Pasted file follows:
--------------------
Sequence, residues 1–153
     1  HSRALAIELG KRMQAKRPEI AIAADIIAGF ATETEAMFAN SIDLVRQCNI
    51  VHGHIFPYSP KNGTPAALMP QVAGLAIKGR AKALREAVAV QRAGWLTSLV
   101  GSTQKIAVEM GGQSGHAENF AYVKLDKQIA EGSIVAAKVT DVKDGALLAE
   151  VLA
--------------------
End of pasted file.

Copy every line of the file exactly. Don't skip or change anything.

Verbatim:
Sequence, residues 1–153
     1  HSRALAIELG KRMQAKRPEI AIAADIIAGF ATETEAMFAN SIDLVRQCNI
    51  VHGHIFPYSP KNGTPAALMP QVAGLAIKGR AKALREAVAV QRAGWLTSLV
   101  GSTQKIAVEM GGQSGHAENF AYVKLDKQIA EGSIVAAKVT DVKDGALLAE
   151  VLA